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10 Office Exercises
Fitness,  Making Healthy Habits,  Self Care

10 Simple & Effective Workday Exercises

Have you ever stood up from a chair and felt your muscles tighten like vice grips around your shoulders, back and legs? Maybe your legs even “fell asleep”, or your wrists ached from over-mousing. It’s easy to lose track of how long I’ve been sitting in the same position and find myself with tight and angry muscles. Over the years, my husband and I have done some inventive things to keep our bodies from seizing up during marathon meetings, road trips, or even movie marathons. I’ve tried double pigeon pose, in office chair, with lumbar pillow (FAIL. I do NOT recommend.). He’ll bust out a few sets of pushups and situps during Zoom meetings.

Sitting in the same posture for extended periods of time is hard on our bodies. Here are 10 exercises – 3 stretches and 7 strength-building moves – to keep you limber and loose through your workday … or an extended period on the sofa.


My personal “work” situation looks like this: I used to have exclusive use of our home office, complete with L-shaped desk, bookshelves, etc. Now that my husband is also working from home, and kids are schooling from home, I’ve relocated to a corner in our dining room. I’m using a very small desk that barely fits my laptop, monitor, and a notebook or two. It is not ergonomically-friendly, and after a few hours, I feel like the Hunchback of Notre Dame.


+ Me + 2 Hours =


I imagine there are other people – maybe you – who have similar experiences at your home or actual office. That’s why I’m writing this! During the workday, I try to take mini-breaks every 30 minutes or so, look away from my screen, and stretch, move, etc. for 2 – 5 minutes.

I use these 10 stretches and exercises during my mini-breaks. They help prevent tight/sore muscles, alleviate pain from repetitive stress injuries, and even tone your muscles.


What It Is & What You Can Expect:

  • 3 stretches to loosen tight muscles.
  • 7 exercises to increase blood flow and tone muscles.
  • Each exercise takes less than one minute.
  • No equipment needed.
  • No sweating or jumping required.
  • Exercise clothing not needed, although I recommend taking heels off if you’re wearing them!

I even put on “work clothes” for the demo photos of these exercises!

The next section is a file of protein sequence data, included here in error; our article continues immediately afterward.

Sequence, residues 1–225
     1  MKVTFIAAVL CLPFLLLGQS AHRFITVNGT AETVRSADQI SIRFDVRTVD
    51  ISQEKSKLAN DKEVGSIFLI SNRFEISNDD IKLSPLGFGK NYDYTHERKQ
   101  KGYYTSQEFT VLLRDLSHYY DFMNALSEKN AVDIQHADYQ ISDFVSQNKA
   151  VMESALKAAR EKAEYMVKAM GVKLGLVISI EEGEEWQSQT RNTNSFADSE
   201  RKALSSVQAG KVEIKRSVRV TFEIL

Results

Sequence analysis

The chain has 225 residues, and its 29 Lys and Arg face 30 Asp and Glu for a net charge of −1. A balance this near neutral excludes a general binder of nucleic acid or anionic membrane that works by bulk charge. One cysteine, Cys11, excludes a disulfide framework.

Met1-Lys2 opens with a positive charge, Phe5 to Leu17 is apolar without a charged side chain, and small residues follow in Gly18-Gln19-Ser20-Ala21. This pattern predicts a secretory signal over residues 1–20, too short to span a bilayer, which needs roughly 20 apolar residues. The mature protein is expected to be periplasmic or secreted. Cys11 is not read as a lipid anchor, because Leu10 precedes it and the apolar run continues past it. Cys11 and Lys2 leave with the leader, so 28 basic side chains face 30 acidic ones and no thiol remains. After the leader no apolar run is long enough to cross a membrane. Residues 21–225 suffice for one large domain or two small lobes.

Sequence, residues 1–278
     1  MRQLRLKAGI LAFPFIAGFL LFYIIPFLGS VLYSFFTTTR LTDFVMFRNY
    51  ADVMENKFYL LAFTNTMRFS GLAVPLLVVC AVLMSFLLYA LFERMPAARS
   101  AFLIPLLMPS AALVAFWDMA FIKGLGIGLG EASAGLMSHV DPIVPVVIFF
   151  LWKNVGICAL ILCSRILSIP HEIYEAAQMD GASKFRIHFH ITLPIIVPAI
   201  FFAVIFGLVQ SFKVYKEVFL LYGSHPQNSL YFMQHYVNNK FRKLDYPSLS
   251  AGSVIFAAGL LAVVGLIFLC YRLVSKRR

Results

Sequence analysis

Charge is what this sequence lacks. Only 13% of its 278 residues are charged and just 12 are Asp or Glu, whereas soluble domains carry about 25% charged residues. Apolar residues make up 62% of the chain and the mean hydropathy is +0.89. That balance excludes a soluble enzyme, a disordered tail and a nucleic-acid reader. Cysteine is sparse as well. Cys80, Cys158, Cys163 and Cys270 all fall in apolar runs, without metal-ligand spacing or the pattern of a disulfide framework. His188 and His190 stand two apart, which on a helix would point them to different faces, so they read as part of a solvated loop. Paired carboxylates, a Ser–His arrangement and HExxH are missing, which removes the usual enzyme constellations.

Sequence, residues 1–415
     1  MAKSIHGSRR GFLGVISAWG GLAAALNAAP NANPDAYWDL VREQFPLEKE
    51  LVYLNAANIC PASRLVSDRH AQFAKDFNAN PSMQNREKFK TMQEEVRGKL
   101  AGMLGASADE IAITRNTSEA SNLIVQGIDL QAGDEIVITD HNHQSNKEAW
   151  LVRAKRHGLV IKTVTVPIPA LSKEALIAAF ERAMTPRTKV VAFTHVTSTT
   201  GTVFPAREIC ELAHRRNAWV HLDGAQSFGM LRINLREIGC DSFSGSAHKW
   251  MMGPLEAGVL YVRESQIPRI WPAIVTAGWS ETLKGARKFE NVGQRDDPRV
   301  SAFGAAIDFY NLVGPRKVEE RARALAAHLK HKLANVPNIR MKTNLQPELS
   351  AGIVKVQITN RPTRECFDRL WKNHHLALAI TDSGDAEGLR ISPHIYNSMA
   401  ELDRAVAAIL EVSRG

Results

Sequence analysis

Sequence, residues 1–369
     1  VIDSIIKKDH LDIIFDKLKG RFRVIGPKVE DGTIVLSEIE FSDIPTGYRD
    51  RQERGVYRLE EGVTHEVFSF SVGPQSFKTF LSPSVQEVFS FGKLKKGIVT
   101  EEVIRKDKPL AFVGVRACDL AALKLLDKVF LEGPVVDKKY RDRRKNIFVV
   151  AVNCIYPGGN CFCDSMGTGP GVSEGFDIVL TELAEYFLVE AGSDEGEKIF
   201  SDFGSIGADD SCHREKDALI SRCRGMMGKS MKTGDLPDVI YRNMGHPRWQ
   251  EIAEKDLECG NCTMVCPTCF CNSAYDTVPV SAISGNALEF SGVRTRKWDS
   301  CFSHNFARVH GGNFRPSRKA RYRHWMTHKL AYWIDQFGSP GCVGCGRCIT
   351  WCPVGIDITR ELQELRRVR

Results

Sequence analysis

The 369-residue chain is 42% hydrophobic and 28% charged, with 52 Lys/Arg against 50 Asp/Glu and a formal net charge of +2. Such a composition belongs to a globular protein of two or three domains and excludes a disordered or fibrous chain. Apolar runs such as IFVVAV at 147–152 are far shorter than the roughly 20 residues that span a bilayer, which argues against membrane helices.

Stretches

One of the biggest drawbacks of being at a desk for hours is tight & sore muscles. Here are three stretches that target common muscle complaints. Hold each stretch for 15 – 30 seconds (longer if you have time).

1. Neck, Upper Shoulders Stretch

  • Seated or standing, lean your left ear toward your left shoulder and hold, letting gravity pull your head down.
  • Repeat on the other side.

2. Wrists, Arms, Shoulders, Upper Back, Side Body

  • Seated or standing, clasp hands together & raise arms above your head, wrists flexed & palms facing up.
  • Push your arms up, stretching upward and hold, as pictured:Seated arm stretch
  • Lean gently to one side, keeping arms as straight as possible. Hold. Repeat on the other side.

3. Lower Back, Hamstrings

  • Seated: Extend one leg straight, resting your heel on the ground with toes pointed up.
  • Reach toward your toes, as shown below. It’s OK if you don’t actually reach your toes; simply bend forward until you feel a nice stretch in the back of your thigh (hamstring) and/or lower back. Hold and repeat on the other leg. Lower back hamstring stretch
  • Standing: Bend at the waist & let your head, arms & hands hang toward your toes. Hold.

Strength-Building

A big downside of extended sitting is that our muscles – including the heart muscle – get little to no action. The following exercises will engage key muscles & increase blood circulation in your body.
Aim to do 6 – 12 repetitions of each exercise, increasing the number as you are able.

4. Desk or Traditional Push-Ups

  • Push-ups can be done leaning on your desk or on the floor (see this link for plank or modified push-ups).
  • Put your hands against the edge of your desk and step back until your body forms a straight line, from head to feet. In this pic, my back is curved – try to keep yours straight from shoulder to hip.Desk Push-up plank
  • Bend your elbows to lower your chest to the desk, keeping your back and legs in a straight line. Desk push-up, bent arms